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No cover while Clare ambulance personnel in NI testing for Covid

NATIONAL ambulance personnel from Clare were in Northern Ireland carrying out Covid-19 testing while an ambulance was sent 175km from Galway to provide treatment to an injured motorcyclist, a local Dáil Deputy has claimed.

The lack of ambulance drivers to deal with serious incidents was highlighted in the Dáil recently by Deputy Michael McNamara, who expressed concern about the dispatch of an ambulance from the Carraroe base in County Galway to an incident in Kilkee, two hours away

A motorcyclist was hospitalised following the incident which occurred in Kilkee shortly after 4.30pm on Sunday, October 10. The collision, which happened on Gratten Street in the West Clare resort, involved a car and a motorcycle.

It is believed there was no National Ambulance Service (NAS) resource available in Clare or Limerick at the time, which resulted in the requirement to draft in an ambulance from Galway to provide the necessary medical assistance.

Firefighters from nearby Kilkee fire station were requested to attend the scene while a local off-duty paramedic also offered assistance until NAS personnel arrived.

Speaking in the Dáil, Deputy Michael McNamara highlighted the Kilkee incident and complained about a “major shortage of ambulance drivers”.

“Meanwhile, paramedics who are being trained in the University of Limerick are not accepted by the National Ambulance Service, NAS, and NAS personnel from County Clare were in Northern Ireland carrying out Covid testing.”

“I readily accept that Covid poses a threat to health and life, but ambulances are sent to threats to health and life and we do not have enough ambulance drivers.

“The introduction of the European standard, under which an ambulance can only take one person instead of two, was never accompanied by an increase in the number of ambulances.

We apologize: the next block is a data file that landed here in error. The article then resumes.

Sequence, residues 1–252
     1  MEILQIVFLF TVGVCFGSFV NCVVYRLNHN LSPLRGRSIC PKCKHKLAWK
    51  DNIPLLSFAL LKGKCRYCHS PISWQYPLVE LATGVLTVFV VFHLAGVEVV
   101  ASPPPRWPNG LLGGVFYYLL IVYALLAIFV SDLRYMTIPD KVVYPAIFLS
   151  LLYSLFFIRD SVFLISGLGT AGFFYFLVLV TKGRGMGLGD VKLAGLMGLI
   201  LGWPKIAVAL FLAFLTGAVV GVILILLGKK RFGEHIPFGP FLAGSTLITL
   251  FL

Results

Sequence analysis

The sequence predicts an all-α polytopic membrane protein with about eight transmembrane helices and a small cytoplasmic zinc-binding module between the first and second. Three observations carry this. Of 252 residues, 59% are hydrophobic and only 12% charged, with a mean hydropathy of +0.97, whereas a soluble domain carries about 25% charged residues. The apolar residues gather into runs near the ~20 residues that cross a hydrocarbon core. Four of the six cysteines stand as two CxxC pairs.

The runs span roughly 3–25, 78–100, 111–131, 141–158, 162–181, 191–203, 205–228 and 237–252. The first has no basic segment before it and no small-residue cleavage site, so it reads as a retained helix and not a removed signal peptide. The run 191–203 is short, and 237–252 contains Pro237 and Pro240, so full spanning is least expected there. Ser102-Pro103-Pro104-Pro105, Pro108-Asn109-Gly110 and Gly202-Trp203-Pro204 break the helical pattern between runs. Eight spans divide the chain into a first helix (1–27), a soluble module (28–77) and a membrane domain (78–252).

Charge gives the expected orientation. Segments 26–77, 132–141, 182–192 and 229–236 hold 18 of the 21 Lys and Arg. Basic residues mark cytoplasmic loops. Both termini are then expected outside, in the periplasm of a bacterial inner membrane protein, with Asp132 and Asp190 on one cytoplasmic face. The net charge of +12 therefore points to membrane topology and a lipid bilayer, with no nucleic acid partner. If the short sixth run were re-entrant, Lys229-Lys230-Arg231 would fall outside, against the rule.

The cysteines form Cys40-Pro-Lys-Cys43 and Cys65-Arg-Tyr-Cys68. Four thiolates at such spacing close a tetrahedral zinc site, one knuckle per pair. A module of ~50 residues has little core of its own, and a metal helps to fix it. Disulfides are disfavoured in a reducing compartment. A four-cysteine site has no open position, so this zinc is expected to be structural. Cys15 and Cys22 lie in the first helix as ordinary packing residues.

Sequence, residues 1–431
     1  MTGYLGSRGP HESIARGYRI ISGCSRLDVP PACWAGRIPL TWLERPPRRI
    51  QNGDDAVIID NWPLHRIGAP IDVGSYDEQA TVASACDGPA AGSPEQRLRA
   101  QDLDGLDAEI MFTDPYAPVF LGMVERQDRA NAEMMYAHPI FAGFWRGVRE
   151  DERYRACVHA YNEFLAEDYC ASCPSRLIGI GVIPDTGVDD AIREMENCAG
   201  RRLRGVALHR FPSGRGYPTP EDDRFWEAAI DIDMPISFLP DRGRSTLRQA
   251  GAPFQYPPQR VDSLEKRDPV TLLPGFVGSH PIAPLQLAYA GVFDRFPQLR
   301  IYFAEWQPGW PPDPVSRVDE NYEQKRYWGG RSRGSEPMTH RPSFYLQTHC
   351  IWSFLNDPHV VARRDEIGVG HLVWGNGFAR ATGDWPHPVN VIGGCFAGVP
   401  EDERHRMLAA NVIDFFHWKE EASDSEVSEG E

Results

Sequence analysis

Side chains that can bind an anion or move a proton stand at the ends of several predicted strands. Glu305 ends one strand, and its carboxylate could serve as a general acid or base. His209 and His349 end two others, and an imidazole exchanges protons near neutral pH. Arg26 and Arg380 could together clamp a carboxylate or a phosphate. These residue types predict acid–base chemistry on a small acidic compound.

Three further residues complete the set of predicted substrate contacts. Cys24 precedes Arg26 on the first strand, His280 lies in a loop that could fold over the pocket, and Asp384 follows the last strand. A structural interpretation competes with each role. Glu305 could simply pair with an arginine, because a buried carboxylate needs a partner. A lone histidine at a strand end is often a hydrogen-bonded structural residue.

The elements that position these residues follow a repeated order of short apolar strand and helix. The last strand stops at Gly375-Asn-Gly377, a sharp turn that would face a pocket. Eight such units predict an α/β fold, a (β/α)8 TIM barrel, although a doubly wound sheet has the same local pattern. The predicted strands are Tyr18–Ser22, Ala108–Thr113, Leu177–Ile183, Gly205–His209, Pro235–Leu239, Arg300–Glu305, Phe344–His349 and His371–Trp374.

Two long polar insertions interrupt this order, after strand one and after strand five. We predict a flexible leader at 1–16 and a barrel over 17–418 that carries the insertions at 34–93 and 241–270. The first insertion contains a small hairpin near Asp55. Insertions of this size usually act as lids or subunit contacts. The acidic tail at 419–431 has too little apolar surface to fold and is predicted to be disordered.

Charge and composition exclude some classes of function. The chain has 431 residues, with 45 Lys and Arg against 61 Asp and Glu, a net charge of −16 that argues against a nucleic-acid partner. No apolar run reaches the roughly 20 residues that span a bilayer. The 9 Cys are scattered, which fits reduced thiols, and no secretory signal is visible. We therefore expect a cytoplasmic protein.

The Tánaiste spent time in the Department of Health as Minister. What is being, and will be, done about this shortage of ambulances across the country?

“Ambulances are being deployed two or three hours from their bases because of the shortage,” he said.

The Tánaiste, Leo Varadkar, said there have been many changes to and real reforms of the NAS and its service model in recent years.

Deputy Varadkar explained the service works more like a fleet now than a series of bases.

“Often, the ambulance that is nearest to the person is the one that is sent regardless of the distance from the base.

“The Budget provides an additional €8.3 million for investment in the NAS. That will continue to develop and improve the service and also extend the hear and treat model, which is used successfully in other countries.”

Recently, Senator Timmy Dooley voiced concern after it emerged it took more than five hours for an ambulance to arrive in East Clare despite a number of calls for medical assistance by a doctor in Tulla.

Responding to Clare Champion queries, the NAS outlined in recent months, health services, including Emergency Departments and the NAS, continue to experience a surge in demand for services at a time when staff are also working hard to support Covid-19 related swabbing and vaccinations. At this time, the level of demand now exceeds the levels experienced in 2019, pre pandemic.

As demand can exceed available resources, 999 calls are clinically triaged and prioritised to ensure that those patients with life threatening injuries or conditions receive the fastest response possible. If a 999 call is not time critical, then during busy periods, these calls will wait longer for a response. Thankfully, it remains the case that the majority of 999 calls do not relate to life-threatening emergencies.

For those calls that are not life threatening or clinically serious, the HSE encourages callers to consider other options such as GPs, minor injury units, pharmacists or self care. If people call 999 and their call is triaged as not life-threatening or serious, the NAS will respond as soon as it can.

By Dan Danaher

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